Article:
A Report of the Trial of James Forbes, William Graham, George Graham, Mathew Handwich, Henry Handwich, and William Brownlow: For a Conspiracy to Create a Riot, and to Insult and Assault His Excellency the Lord Lieutenant, in the Theatre Royal, and Also for a Riot
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A Report of the Trial of James Forbes, William Graham, George Graham, Mathew ...
James Forbes,Richard Wilson Greene
Uten tilgangsbegrensning - 1823
Alderman Darley asked assault Attorney Ballinakill believe bills bottle was thrown Boyne Water character charge city of Dublin conspiracy conversation Cross-examined Crown dence Dublin aforesaid Dudley Moore duty Essex-street evidence examined expression Farrell feel filed Gentlemen George Atkinson George Graham Government Grand Jury guilty Handbridge Hawkins'-street aforesaid hear heard Henry Handwich hissing and groaning indictment insult James Forbes John Atkinson late of Hawkins'-street Lodge Lord Lieu Lord Lieutenant Lord Lieutenant's Lord Mayor Lord the King M'Namara Matthew Handwich mentioned Michael Farrell middle gallery never noise oath object observe offence otherwise called party persons play Popish Pounden present proceeding purpose rattle recollect riot say any thing shew Ship-street sticks suppose swear sworn Tavern tell tenant testimony Theatre throwing the bottle tion toasts Traversers trial upper gallery Wellesley William Brownlow William Graham witnesses
Side 220 - ... let me exhort and conjure you, never to suffer an invasion of your political constitution, however minute the instance may appear, to pass by, without a determined persevering resistance. One precedent creates another. They soon accumulate, and constitute law. What yesterday was fact, to-day is doctrine.
Side 344 - The approved definition of a riot is "a tumultuous disturbance of the peace by three persons or more assembling together of their own authority with an intent mutually to assist one another against any one who shall oppose them in the execution of some enterprise of a private nature, and afterwards actually executing the same in a violent and turbulent manner, to the terror of the people, whether the act intended were of itself lawful or unlawful".
Side 35 - ... and armed with a resoluteness and constancy in the cause of truth and freedom, which rendered him superior to the accidents that control the fate of ordinary men. But this is not all — I feel, that to him, under God, I am, at this moment, indebted for the enjoyment of the rights which...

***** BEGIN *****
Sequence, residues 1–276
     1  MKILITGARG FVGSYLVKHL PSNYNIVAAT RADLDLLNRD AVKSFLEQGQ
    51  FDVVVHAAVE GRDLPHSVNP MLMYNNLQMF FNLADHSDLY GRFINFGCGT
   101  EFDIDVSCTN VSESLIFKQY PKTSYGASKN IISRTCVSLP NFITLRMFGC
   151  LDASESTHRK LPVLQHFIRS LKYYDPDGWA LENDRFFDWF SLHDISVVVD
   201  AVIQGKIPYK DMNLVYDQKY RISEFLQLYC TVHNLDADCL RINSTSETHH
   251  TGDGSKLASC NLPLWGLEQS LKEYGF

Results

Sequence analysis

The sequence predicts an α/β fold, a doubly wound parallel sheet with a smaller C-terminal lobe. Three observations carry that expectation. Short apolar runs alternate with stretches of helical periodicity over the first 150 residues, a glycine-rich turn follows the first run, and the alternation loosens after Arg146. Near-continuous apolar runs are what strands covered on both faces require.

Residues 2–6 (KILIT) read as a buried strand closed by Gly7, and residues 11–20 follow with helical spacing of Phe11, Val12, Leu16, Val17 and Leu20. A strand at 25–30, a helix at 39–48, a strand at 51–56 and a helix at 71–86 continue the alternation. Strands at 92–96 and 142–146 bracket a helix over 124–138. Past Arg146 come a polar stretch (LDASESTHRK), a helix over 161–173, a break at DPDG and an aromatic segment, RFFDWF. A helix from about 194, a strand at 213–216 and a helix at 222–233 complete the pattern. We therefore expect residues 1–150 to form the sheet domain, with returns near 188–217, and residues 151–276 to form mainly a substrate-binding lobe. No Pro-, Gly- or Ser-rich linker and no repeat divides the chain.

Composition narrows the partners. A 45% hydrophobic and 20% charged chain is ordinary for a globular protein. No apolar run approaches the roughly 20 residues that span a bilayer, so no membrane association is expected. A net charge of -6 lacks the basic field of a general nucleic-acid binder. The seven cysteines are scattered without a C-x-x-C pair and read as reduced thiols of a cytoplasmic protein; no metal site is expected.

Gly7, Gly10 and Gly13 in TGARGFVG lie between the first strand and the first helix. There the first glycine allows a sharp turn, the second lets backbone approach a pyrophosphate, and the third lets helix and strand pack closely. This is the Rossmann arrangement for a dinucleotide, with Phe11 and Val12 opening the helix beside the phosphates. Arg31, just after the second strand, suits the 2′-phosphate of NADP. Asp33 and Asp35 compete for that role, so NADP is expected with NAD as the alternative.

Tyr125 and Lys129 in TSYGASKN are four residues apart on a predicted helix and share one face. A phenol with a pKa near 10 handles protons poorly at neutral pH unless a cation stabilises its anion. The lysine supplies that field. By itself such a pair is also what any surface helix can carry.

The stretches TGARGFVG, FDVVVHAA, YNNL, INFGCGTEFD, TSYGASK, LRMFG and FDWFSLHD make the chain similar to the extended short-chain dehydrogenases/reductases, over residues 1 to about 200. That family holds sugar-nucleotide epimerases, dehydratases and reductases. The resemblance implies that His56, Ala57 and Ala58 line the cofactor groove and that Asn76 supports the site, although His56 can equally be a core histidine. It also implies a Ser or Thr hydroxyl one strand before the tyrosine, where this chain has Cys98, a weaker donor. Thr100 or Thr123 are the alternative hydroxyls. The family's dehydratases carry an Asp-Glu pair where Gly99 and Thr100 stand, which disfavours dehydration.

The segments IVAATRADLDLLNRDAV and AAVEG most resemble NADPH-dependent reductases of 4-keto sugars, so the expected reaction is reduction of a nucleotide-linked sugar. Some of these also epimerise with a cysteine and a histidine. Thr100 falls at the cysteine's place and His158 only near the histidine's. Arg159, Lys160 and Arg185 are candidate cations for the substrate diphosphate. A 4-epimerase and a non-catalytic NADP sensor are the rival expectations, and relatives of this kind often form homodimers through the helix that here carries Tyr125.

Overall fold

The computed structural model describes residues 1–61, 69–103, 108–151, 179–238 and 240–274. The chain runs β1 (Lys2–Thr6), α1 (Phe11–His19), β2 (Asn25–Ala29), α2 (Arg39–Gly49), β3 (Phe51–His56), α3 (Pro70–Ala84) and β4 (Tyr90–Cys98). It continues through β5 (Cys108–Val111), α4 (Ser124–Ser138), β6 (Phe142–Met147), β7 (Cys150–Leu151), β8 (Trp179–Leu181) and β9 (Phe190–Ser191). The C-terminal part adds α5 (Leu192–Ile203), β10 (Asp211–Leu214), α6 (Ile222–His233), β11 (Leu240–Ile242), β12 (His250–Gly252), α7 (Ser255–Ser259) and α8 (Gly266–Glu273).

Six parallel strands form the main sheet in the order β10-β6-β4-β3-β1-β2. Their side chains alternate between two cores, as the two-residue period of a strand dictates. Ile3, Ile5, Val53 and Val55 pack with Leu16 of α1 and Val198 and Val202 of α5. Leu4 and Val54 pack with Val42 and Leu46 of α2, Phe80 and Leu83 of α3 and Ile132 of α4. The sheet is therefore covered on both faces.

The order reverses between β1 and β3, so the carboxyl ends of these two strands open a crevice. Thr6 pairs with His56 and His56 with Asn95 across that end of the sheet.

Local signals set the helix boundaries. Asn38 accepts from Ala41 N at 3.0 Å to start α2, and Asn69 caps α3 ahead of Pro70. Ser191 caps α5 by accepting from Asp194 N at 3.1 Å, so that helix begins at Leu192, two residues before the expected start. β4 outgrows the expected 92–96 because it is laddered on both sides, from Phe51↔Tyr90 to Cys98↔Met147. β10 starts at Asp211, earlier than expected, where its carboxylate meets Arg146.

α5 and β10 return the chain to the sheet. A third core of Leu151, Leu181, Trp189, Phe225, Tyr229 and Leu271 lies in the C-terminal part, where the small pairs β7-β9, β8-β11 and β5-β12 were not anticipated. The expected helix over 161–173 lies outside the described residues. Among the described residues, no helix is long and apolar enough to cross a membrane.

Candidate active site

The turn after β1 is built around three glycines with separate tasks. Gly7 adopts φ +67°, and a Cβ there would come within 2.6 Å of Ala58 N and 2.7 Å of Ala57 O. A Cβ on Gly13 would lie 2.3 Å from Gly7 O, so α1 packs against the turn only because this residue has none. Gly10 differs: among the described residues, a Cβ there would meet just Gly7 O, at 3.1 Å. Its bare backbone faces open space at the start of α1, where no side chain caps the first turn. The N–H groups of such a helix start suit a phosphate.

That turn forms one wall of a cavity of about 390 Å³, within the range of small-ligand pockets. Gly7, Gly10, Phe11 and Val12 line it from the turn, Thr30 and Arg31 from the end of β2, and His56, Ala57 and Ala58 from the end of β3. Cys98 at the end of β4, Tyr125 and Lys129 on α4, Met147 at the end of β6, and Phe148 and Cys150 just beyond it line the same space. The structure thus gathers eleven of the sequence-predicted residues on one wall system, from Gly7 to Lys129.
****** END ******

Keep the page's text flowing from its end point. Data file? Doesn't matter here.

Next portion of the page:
Side 9 - King there being, in contempt of our said Lord the King and his laws, to the evil example of all others in the like case offending, and against the peace of our said Lord the King, his crown and dignity.
Side 345 - In every riot there must be some such circumstances, either of actual force or violence, or at least of an apparent tendency thereto, as are naturally apt to strike a terror Into the people. . . . But It Is not necessary. In order to constitute this crime, that personal violence should have been committed.
Side 35 - Looking merely at his shining qualities and achievements, I admire him as I do a Scipio, a Regulus, a Fabius; a model of tranquil courage, undeviating probity, and armed with a resoluteness and constancy in the cause of truth and freedom, which rendered him superior to the accidents that control the fate of ordinary men.
Side 9 - King, prays the consideration of the court here in the premises, and that due process of law may be awarded against the said John Baker, in this behalf, to make him answer to our said lord the King touching and concerning the premises aforesaid.
Side 35 - ... firmness and constancy of his nature, to combine them into an indissoluble alliance against the schemes of despotism and universal domination of the most powerful monarch in Europe, seconded by the ablest generals, at the head of the bravest and best disciplined armies in the world, and wielding, without check or control, the unlimited reources of his empire.
Side 13 - Whereupon the said Attorney General of our said Lord the King, who for our said Lord the King in this behalf...
Side 333 - But if any body of men were to go to the theatre with the settled intention of hissing an actor, or even of damning a piece, there can be no doubt that such a deliberate and preconcerted scheme would amount to a conspiracy, and that the persons concerned in it might be brought to punishment.